BEFORE: how do you think that school curricula are developed? This is an entry point to this topic and whatever you write will be fine.
AFTER: How are school curricula developed and implemented? What new information/perspectives does this reading provide about the development and implementation of school curriculum? Is there anything that surprises you or maybe that concerns you? IMPORTANT – Please write your blog before our lecture as YOUR OPINION will be an integral part of the lecture.
BEFORE: I think that school curriculum is developed by a group of professionals who gather together and decide what should be taught. I think they decide what should be taught based on what skills/ abilities/ knowledge children will need in order to be successful in their future educational and professional careers.
After reading this week’s article, I’ve come to realize that there is much more to the curriculum development process than I initially thought. Curriculum development teams get together and have discussions and debates over two points. The first discussion is about what subjects should be included or excluded and how much teaching time should be focussed on each topic. The second discussion is about the content of each subject and what should or shouldn’t be included. Next, groups of experts are brought together to discuss the elements of a new or revised curriculum. This process consists of examining the existing curriculum, deciding upon the strengths and weaknesses in the current curriculum, considering various ideas for changes, and arriving at an agreement on recommendations for a new or revised curriculum. Often times, curriculum development is a very long process, and can sometimes take several years to complete.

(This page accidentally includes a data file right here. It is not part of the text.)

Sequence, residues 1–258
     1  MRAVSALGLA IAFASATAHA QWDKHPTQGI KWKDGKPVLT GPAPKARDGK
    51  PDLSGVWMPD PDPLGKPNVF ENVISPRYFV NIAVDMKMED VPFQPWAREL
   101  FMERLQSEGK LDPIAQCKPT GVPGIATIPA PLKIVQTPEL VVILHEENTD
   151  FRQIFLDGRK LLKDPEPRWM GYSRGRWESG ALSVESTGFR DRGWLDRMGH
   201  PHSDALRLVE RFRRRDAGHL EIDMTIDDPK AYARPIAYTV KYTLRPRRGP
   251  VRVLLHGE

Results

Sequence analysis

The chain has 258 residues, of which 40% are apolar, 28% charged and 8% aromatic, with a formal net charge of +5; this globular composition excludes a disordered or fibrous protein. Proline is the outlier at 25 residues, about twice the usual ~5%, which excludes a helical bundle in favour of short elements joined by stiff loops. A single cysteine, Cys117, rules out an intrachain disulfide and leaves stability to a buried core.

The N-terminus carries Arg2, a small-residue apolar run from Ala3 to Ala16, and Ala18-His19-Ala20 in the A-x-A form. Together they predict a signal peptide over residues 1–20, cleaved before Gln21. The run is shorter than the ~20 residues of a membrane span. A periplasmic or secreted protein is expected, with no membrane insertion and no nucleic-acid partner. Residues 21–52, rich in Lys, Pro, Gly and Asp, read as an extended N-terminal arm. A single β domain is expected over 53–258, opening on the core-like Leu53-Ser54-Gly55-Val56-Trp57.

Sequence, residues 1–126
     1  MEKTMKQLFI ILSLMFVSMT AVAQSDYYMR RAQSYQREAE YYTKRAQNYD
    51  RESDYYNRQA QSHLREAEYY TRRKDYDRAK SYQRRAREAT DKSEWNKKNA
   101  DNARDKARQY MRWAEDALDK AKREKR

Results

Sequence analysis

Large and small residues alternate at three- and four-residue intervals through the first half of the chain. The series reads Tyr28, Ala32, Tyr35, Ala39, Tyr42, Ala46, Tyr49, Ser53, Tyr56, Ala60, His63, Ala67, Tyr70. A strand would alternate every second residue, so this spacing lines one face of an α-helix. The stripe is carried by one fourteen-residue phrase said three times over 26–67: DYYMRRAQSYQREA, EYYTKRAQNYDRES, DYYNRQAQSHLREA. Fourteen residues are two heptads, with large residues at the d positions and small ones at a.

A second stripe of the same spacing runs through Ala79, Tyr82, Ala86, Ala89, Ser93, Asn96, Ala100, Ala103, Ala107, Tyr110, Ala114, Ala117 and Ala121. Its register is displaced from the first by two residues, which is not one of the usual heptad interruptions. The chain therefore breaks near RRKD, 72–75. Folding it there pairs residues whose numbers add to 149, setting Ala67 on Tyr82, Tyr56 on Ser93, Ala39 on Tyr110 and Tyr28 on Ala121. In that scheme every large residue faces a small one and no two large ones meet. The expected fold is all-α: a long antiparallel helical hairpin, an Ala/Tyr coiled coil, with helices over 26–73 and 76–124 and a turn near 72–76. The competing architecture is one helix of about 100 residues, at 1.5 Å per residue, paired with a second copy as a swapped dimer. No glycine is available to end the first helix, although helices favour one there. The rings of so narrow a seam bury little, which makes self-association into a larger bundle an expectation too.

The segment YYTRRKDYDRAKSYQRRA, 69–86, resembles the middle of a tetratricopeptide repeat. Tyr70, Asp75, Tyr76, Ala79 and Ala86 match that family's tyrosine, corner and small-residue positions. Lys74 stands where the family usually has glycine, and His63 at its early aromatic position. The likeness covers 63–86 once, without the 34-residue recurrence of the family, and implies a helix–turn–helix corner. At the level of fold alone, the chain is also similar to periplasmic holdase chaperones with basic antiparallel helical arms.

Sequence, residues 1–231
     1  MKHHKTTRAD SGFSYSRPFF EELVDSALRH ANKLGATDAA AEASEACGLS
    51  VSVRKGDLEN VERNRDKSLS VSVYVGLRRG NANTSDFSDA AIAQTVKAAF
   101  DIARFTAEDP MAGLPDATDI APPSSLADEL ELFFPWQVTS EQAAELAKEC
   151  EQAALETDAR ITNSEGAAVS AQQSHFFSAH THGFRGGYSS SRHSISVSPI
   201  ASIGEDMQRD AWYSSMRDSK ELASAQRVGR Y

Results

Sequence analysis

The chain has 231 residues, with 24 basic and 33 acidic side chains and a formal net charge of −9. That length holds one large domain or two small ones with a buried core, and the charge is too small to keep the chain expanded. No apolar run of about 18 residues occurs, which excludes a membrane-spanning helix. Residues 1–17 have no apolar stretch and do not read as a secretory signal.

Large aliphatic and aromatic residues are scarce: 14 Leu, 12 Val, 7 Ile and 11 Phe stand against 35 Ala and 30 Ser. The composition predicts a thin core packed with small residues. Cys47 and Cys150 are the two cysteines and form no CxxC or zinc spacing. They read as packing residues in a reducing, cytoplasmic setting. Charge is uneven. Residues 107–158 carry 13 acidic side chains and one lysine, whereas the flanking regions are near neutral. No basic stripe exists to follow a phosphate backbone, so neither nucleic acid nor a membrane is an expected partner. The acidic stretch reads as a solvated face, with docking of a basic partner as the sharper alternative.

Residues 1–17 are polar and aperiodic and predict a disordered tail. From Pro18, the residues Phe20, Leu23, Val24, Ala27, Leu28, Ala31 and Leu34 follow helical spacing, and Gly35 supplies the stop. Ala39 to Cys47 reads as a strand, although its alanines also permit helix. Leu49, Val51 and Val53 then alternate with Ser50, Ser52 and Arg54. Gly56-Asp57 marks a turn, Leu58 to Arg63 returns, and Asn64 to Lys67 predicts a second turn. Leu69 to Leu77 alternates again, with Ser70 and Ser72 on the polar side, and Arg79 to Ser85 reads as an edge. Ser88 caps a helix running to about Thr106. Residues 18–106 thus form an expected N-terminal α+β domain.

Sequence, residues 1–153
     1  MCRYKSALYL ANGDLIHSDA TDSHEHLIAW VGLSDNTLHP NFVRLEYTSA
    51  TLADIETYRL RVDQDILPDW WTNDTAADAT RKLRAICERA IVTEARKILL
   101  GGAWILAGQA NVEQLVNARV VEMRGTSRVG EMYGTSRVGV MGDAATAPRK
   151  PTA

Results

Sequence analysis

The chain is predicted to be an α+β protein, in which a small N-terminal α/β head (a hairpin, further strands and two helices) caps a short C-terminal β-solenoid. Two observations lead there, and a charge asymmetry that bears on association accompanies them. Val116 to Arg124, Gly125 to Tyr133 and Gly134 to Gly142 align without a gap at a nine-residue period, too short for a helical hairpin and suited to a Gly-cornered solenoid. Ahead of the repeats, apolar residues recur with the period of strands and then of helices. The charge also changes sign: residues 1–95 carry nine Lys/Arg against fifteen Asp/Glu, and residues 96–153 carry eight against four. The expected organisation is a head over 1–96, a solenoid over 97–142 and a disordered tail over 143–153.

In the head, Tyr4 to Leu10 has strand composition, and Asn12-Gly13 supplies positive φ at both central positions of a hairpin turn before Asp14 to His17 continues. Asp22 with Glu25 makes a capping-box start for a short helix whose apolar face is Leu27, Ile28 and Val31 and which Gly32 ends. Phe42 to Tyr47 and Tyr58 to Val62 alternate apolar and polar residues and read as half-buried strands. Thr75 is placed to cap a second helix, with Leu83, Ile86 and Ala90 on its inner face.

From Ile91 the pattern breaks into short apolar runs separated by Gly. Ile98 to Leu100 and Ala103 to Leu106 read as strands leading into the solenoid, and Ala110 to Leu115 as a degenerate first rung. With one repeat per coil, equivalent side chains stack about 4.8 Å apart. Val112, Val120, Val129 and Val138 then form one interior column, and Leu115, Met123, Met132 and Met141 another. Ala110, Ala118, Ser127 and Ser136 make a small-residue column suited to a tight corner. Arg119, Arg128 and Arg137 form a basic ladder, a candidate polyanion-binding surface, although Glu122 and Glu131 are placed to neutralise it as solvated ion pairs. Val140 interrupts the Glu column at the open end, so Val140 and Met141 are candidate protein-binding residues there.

Something that I had never considered before reading this article was the problems that having an expert-dominated curriculum development team could have. The article points out that if subject experts have the most prominent voice in curriculum development, it will become very difficult to be taught effectively. Most teachers do not have the level of knowledge and expertise that the experts do, which will make teaching tough for anyone other than these subject experts. In attempts to avoid this situation, it has become more common for parents, students, and non-educators to have a place in the curriculum development teams.